Parshat Shemot: An Idea Whose Time Has Come!
“If I had one hour to solve a problem, I would spend 55 minutes defining the problem, and 5 minutes solving it”.
In the age of acceleration, we are ever more challenged to clearly identify our personal problems.
Not just to treat the symptoms, but to understand and cure the underlying conditions.
Our current disruptive climate presents an opportune moment to do so.
To ask the questions we were always afraid to ask ourselves. Questions which might profoundly alter the way we currently live our lives.
What is the meaning and purpose of my life?
What is the source behind the forces which cause so much tension in our world?
Can we ever solve or better manage our inner conflicts?
Is anyone going to hold me accountable for the way I’ve chosen to live my life?
Am I truly in control of the life I choose to live or is it just an illusion?
Can I make any material difference in a world inhabited by billions of people?
It is these existential questions, and all their variations, which the book of Tanya seeks to solve.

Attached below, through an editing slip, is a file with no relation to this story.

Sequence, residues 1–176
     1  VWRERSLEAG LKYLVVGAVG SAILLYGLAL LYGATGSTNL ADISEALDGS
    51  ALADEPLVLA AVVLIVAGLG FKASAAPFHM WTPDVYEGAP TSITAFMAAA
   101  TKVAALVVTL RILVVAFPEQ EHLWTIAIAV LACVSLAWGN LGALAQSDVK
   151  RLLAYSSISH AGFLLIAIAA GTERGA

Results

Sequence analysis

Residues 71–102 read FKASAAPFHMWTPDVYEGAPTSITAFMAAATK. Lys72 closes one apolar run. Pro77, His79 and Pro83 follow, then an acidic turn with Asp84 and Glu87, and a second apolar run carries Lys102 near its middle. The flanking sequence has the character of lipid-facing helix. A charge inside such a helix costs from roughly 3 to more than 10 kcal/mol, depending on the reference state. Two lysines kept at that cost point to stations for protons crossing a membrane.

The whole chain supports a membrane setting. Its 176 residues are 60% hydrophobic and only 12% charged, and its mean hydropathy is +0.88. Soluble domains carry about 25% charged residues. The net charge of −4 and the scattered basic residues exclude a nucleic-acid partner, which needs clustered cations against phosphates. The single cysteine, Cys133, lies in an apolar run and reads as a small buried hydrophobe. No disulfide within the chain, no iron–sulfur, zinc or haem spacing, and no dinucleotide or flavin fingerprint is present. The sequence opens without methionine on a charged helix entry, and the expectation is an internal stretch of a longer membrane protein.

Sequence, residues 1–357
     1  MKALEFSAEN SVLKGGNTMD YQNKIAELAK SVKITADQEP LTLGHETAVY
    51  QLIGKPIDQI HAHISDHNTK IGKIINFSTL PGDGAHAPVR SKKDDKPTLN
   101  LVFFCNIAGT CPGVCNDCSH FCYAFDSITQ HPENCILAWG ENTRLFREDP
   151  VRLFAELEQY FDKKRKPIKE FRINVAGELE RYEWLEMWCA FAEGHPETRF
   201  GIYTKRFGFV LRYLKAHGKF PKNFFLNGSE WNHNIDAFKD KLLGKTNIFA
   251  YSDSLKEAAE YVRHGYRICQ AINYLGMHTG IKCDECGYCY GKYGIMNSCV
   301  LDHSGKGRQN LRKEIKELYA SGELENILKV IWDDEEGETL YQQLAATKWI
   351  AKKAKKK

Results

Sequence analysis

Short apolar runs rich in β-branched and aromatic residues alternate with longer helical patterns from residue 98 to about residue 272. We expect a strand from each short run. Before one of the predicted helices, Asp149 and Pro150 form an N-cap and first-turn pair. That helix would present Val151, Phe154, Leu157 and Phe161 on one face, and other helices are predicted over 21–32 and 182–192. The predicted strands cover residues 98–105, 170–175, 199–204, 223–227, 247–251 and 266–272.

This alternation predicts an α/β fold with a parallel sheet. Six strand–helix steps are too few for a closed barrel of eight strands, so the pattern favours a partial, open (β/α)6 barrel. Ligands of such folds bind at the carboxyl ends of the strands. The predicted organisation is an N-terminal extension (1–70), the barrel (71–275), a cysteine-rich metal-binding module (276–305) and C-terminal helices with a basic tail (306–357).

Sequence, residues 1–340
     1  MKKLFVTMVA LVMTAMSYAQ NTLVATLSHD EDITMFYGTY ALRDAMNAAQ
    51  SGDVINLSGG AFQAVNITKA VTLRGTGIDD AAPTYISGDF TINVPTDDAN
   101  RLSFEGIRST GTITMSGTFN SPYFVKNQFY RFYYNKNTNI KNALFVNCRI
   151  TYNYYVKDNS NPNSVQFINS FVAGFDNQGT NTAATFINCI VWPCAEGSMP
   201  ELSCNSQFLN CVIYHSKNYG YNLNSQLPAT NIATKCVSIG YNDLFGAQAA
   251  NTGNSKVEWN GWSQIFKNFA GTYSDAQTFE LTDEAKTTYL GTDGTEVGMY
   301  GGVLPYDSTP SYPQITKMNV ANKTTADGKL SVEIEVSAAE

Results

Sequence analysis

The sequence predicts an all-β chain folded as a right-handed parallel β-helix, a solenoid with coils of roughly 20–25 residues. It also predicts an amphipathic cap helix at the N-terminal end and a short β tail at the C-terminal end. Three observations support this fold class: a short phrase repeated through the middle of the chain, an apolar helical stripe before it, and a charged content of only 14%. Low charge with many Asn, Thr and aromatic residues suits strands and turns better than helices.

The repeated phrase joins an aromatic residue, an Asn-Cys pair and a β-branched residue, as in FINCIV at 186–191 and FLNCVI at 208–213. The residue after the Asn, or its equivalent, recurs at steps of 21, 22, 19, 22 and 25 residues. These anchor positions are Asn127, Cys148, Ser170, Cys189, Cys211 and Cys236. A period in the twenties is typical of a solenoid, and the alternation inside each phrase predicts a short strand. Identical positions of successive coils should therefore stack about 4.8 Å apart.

It does so by illuminating the setting against which all these dynamics are played out. Both, on a micro and macro level.
It sets out to clarify the basic and timeless terminologyneeded in all human discourse.
It provides a simple and concise understanding of our identity.
Human beings are a hybrid.
On a biological level we operate in a similar way to animals. It’s all about self-preservation and indulgence.
As the same time, we possess a divine spark, which enables us to transcend self, and genuinely identify and empathize with others.
It offers a revolutionary understanding of the definition of good and evil.
Consequently, enabling a transformation, and ultimately a fusion of the two.
At the core, it demonstrates how limited we are when acting selfishly. And how consequential we can become by behaving selflessly.
It’s not a romantic book. One also needs patience.
But perhaps it’s a book, with ideas whose time has come!